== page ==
call for discipline
for jailed state rep.
LANSING, Mich. (AP) -
House Republicans agreed yesterday
to call for disciplinary proceedings
against jailed state Rep. Dennis
Dutko, with GOP leader Paul
IHillegonds saying the Legislature's
integrity was at stake.
Hillegonds, the House Minority
Leader, said he hopes Speaker Lewis
Dodak (D-Birch Run) will have a
committee start hearings on Dutko's
Dutko (D-Warren) is serving a
year-long sentence in the Ingham
County Jail on a pair of drunken
driving convictions. Disciplinary op-
tions for the House include expelling
Dutko, censuring him, or suspend-
ing his pay of $42,670 a year.
Dodak said he, Hillegonds, and
other House leaders still were dis-
cussing what course the House
Continued from Page 1
Poland adopts, Bush said, "Let's
move apace, let's see what it is that
is required in terms of reform and
then we'll try to do everything we
On another subject, Bush con-
firmed that security has been tight-
ened around his four sons and one
daughter - all of them adults - but
said it was not in response to any
"hard threat" from Colombian drug
should pursue. "We're still talking
about it but at this point in time, I
don't know which way is the best
way to go."
Hillegonds (R-Holland) said dur-
ing a caucus yesterday the minority
Republicans decided the House
Oversight Committee should begin
immediate hearings and make a rec-
ommendation on discipline to the
"I just hope the Speaker is will-
ing to let the process work. If there
can't be bipartisan leadership agree-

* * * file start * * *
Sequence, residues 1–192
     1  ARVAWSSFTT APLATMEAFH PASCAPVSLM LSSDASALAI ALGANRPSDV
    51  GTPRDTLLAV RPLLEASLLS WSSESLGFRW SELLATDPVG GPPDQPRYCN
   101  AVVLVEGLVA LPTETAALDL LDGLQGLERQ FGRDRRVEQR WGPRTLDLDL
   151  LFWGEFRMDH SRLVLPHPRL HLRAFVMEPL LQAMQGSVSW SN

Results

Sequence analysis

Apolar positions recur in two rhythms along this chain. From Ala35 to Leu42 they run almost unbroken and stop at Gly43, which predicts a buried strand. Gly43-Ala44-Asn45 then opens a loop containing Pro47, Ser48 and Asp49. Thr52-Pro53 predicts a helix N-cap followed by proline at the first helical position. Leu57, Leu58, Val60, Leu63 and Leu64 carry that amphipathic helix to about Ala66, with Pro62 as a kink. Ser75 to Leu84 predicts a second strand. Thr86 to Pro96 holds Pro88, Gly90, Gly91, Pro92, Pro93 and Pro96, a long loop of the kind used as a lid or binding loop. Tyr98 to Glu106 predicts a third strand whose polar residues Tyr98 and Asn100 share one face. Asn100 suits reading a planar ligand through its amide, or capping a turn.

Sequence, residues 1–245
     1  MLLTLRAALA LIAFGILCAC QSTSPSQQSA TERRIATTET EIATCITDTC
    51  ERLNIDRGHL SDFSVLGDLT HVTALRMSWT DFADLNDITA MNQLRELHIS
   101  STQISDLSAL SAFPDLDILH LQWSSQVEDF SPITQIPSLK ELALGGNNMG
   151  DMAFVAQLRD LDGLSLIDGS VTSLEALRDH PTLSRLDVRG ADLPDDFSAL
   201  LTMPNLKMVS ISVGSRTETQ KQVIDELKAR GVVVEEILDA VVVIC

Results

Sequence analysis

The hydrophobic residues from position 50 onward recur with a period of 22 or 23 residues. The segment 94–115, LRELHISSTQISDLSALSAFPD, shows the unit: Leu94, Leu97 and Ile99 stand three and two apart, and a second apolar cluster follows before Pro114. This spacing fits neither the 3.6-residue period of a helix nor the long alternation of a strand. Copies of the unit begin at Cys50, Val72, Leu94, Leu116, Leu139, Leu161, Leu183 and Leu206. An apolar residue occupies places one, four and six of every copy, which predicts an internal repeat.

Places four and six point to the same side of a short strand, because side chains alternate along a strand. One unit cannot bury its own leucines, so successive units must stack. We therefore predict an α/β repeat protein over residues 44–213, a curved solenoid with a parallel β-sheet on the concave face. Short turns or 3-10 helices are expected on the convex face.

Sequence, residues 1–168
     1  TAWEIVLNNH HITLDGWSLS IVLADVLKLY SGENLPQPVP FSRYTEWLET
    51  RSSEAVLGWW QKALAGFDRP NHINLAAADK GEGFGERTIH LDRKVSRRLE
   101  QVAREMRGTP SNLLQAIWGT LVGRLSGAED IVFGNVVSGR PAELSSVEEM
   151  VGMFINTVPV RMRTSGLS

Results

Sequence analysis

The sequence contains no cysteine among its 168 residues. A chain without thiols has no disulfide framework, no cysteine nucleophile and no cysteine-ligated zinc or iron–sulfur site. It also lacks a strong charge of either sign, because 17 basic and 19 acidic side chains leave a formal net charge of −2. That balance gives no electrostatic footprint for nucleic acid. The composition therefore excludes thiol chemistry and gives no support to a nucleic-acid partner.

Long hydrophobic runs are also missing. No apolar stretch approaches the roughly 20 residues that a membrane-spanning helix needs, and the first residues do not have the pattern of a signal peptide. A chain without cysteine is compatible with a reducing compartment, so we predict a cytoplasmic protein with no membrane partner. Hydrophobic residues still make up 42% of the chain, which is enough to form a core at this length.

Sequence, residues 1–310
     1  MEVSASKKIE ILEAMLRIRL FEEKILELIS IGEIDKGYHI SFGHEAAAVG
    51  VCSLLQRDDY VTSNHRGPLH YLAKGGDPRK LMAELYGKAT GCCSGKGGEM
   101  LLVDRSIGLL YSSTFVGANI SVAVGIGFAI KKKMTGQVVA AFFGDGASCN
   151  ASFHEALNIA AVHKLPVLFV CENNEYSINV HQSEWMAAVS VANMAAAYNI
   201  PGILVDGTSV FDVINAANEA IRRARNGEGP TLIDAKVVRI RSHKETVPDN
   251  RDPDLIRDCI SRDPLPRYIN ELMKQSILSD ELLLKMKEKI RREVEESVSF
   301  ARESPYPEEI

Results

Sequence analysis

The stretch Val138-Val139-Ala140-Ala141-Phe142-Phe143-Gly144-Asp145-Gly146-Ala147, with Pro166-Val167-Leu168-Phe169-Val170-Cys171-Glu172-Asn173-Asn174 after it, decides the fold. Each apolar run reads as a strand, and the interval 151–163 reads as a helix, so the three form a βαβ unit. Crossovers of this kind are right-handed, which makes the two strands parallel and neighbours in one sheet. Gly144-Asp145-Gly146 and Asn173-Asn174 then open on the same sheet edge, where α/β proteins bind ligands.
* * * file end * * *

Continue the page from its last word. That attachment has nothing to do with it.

ment on a process to review disci-
plinary options, there could be a
very bitter fight that could divide
both caucuses," he said.
"It will be a partisan battle, but I
think in both caucuses there will be
a range of opinions on what the ap-
propriate response to the Dutko inci-
dent should be."
The Michigan Daily - Thursday, September 28, 1989 - Page 5
Bush drug plan
WASHINGTON (AP) - The package contained most of what
Senate yesterday overwhelmingly could profitably be spent in 1991
approved a $9.4 billion compromise and that any shortfall could be in-
plan to pay for the Bush administra- serted in a revised version of the plan
tion's war on drugs and an assort- due in February.
ment of ant-crime programs. Contained in the compromise
"This proposal represents the was the $7.9 billion sought by Bush
strongest first step we can make to as well as $400 million in crime
win the war against drugs," Sen. fighting funds he requested in June,
Robert C. Byrd (D-W.Va.) said as $200 million for juvenile justice and
lawmakers voted 97-2 to attach the $900 million for an array of other
plan to an $11.9 billion money bill programs. Of those, $800 million
for transportation programs. would be devoted to education, pre-
vention and treatment and $100 mil-
"Weak shots across the bow will lion to law enforcement.
not cripple the garbage scow of drug The additional funds would be
violence and drug dependency," Byrd raised through a 0.43 percent cut in
said earlier, urging a strong initial federal spending.
assault. Reaching for the advantage on the
Voting against the measure were politically charged issue, Democrats
Republicans Jake Garn of Utah and took credit for reshaping the mea-
Steve Symms of Idaho. Senator Jim sure.
Sasser (D-Tenn.) did not vote. Majority Leader Georgei J.
The compromise emerged from a Mitchell (D-Maine) said the Bush
week of negotiations between the administration proposal in its initial
White House and Senate Democrats form was "painfully inadequate for
and Republicans that began when the task that we face in this country
Democrats moved to add $2.2 billion in dealing with drugs."
to the $7.9 billion plan unveiled by "We have a chance to do some-
President Bush in his Sept. 5 na- thing meaningful on the most seti-
tionally televised speech outlining ous domestic problem we face and
his war on drugs. we are going to take that action and
Democrats said more money was dramatically improve the program
needed for education, prevention and that the president proposed,"
treatment. Republicans said the Mitchell said.